Joel grew up the son of a Pentecostal preacher, and LaBreeska grew up during the very early days of the Happy Goodman Family. LaBreeska’s mom, Gussie Mae was a sister to Howard, Sam, Rusty, and Bobby, making LaBreeska their niece. During the 40’s and 50’s, the Goodmans sang all over the south, often singing for Wally Fowler during his famed “all-night sings”. Joel and LaBreeska’s paths crossed when the Goodmans sang in West Monroe, Louisiana, and the two were eventually married on June 28, 1957, with Howard Goodman officiating. Within a couple of years, Joel accepted the call to preach and by 1961 they settled into local pastorship but would also go out to sing and preach in revivals and evangelistic meetings across the deep south. Eventually, Joel began writing songs and the Happy Goodmans were the first to record them, with “Not in a Million Years” and “Point of No Return”, being the first, as the Goodmans included both songs on their 1967 album, “Bigger N Better”. Joel and LaBreeska attended that recording session, and LaBreeska, making an almost prophetic declaration, commented to Marvin Norcross (who was the producer and president of Canaan Records) that he would be recording the Hemphills very soon! Sure enough, in a few short months, Joel and LaBreeska were signed to Canaan Records and found themselves right back in the same recording studio and with the same musicians, but Joel and LaBreeska found themselves on the other side of the glass, making their very first album, “The Country Gospel Style of Joel & LaBreeska”.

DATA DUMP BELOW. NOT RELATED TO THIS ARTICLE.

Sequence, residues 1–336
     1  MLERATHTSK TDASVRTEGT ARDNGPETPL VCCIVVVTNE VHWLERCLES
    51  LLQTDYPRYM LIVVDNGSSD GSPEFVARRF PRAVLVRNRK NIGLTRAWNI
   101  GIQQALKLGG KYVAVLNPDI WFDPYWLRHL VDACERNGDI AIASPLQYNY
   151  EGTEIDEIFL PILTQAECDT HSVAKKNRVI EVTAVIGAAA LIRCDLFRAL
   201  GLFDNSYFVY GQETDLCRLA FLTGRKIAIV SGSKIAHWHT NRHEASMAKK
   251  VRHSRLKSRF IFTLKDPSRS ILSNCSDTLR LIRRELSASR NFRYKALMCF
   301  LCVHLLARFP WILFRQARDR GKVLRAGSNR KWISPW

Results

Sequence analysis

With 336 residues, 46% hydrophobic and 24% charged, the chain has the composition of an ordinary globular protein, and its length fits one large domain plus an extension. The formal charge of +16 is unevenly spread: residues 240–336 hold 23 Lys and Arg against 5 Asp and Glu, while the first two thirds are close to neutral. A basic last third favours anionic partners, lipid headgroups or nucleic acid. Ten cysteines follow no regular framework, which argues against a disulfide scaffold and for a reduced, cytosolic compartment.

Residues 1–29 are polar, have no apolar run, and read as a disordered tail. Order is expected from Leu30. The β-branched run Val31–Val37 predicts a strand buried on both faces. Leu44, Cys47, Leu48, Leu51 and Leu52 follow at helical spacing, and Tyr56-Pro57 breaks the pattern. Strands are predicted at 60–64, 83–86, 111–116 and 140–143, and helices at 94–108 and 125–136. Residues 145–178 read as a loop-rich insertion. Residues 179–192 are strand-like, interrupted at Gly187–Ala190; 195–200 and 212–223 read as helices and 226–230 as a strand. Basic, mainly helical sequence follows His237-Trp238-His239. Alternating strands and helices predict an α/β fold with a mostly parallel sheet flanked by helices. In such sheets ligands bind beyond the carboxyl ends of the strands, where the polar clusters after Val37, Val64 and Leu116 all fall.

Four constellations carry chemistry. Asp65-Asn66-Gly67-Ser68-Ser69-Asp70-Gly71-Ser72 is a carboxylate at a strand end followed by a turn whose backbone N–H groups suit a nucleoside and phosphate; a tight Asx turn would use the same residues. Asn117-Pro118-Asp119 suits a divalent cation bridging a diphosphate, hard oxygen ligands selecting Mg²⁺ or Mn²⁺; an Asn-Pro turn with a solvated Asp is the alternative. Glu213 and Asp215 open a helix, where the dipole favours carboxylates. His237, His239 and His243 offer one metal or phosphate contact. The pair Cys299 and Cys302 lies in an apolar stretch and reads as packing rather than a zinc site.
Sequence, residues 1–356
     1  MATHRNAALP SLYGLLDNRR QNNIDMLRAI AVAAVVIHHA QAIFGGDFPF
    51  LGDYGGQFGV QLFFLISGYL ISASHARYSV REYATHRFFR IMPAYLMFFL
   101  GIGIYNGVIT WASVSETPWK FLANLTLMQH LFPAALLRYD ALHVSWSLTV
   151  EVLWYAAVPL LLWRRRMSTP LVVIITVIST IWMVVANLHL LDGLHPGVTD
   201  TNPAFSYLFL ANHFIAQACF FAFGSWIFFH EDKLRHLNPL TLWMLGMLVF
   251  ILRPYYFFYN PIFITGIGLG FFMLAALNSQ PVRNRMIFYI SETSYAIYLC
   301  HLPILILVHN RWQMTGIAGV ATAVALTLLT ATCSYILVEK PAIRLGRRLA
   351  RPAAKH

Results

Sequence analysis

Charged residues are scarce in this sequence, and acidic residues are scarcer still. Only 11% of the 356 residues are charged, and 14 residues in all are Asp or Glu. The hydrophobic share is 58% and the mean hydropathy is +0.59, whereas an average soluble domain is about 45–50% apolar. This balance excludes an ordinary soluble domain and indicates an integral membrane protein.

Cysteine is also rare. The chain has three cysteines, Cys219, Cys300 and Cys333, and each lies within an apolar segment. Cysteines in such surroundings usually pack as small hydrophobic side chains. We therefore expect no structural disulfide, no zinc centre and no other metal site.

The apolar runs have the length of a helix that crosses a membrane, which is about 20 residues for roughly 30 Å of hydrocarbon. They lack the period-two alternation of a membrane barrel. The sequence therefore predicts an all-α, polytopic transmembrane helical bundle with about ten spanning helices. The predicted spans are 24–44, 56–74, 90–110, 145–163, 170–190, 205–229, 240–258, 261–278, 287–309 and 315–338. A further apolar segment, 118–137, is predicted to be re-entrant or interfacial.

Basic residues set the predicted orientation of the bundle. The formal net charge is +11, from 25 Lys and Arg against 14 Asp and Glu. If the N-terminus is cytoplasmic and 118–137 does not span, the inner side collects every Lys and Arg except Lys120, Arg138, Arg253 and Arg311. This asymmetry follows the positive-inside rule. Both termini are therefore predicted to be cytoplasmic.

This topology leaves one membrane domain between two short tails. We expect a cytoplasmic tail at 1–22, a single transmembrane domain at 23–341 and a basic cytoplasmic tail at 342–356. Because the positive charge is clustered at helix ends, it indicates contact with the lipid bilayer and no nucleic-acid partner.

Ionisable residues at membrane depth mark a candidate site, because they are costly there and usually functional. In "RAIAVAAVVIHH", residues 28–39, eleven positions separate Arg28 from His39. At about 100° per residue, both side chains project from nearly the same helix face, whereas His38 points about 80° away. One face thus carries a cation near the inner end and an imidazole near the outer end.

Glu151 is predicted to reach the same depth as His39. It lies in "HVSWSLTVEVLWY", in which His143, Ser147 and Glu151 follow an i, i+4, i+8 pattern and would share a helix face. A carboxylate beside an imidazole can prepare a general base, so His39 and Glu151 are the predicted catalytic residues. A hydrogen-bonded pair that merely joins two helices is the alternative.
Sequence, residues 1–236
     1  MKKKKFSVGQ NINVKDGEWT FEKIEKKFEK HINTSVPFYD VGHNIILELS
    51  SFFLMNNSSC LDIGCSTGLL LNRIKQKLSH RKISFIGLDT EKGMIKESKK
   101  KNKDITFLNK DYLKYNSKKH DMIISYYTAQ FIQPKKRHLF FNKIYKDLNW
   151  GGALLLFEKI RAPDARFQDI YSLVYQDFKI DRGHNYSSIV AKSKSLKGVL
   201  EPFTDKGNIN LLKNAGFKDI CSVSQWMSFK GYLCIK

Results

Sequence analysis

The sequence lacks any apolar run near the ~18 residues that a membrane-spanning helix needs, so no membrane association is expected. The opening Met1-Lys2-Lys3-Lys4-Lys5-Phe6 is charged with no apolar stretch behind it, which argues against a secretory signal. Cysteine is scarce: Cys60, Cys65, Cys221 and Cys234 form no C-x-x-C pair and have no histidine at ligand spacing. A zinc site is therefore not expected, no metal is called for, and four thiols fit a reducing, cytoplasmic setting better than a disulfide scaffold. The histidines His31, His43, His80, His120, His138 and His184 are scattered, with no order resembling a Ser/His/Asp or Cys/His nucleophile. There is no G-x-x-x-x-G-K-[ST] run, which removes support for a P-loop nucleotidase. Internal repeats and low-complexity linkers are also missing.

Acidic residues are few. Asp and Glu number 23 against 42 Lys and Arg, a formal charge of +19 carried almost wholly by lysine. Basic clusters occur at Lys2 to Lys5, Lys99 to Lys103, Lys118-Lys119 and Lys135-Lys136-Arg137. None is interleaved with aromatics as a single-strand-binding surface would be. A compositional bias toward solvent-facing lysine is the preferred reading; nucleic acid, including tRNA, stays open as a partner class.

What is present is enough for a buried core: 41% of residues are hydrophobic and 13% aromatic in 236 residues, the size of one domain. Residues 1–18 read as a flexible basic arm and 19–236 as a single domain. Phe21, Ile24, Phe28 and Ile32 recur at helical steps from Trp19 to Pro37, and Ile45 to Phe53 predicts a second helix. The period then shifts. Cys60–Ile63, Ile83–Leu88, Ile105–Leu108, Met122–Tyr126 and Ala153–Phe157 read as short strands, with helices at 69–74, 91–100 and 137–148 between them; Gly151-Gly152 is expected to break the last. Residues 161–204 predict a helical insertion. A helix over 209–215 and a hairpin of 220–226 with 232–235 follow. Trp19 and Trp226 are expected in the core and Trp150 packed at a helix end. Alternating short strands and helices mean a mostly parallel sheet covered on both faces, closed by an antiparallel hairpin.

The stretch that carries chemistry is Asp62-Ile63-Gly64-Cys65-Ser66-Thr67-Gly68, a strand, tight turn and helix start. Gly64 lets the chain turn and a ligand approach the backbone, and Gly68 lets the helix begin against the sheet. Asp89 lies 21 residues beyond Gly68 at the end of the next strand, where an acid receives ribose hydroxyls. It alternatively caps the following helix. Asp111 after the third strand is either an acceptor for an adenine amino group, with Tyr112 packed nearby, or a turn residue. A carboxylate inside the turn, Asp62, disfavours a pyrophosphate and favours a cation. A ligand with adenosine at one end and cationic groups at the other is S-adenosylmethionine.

For a few years, Joel and LaBreeska sang as a duet with Joel playing the guitar. Occasionally they would bring along someone to play guitar along with them for certain dates, but they mostly sang for revivals and church services in Louisiana and surrounding states. By 1969, the Singing Hemphills came into fruition, consisting of Joel and LaBreeska, along with Joel’s nephew and his wife, Tim (singing baritone and playing guitar) and Dixie McKeithen (singing soprano and playing piano) and Bill Tharp playing bass guitar. Prior to joining up with Joel and LaBreeska, Tim and Dixie sang with Will and Shirley Cohen (Shirley had previously sang with the Gospel Echoes/Rambos) in a group called the Gospel Keys. The newly organized “Singing Hemphills” recorded their first album on Canaan Records called, “Take Us Home with You” and it was met with great success. Featuring such classic tunes as “Thank God I’m Free”, “Had it Not Been”, “I Found a Better Way” and “I’m Traveling On”, the group presented their own unique brand of country gospel, and quickly found their niche in the Southern Gospel industry. During their years with Canaan Records, they enjoyed moderate success with such songs as “I’ll Soon Be Gone”, “Preacher’s Boy”, “Sweet Zion’s Song” and “Unfinished Task”, but it wasn’t until they signed with Heartwarming Records that things began to skyrocket for the group. They began to consistently find themselves at the top of the charts with such songs as “Sing the Glory Down”, “Ready to Leave”, “I Came on Business for the King” and “He Wrote My Name”. During this time, the group was evolving and eventually, Joel and LaBreeska’s 3 children became integral parts of the group…Joey joined in 1970 to play drums and he eventually moved up to the front lines to sing baritone after Tim departed the group around 1976. By 1974, Trent had joined to play bass guitar and eventually, he moved to piano around 1980. Finally, Candy joined in 1975 to sing soprano for the group. By 1977, the final vocal line-up of the group with Joel, LaBreeska, Joey, and Candy was in place and there was no stopping them as they enjoyed immense success with such songs as “Consider the Lilies”, “I’m in This Church”, “He’s Still Workin’ on Me”, “Good Things”, “It Wasn’t Raining (When Noah Built the Ark)”, “Master of the Wind” and “God Likes People”. As the group moved on to Riversong Records and ultimately, Homeland Records, the group continued to enjoy enormous popularity with such chart-toppers as “I Can Smile”, “Jesus Built This Church on Love”, “Let’s Have a Revival” and “The Party’s Over”.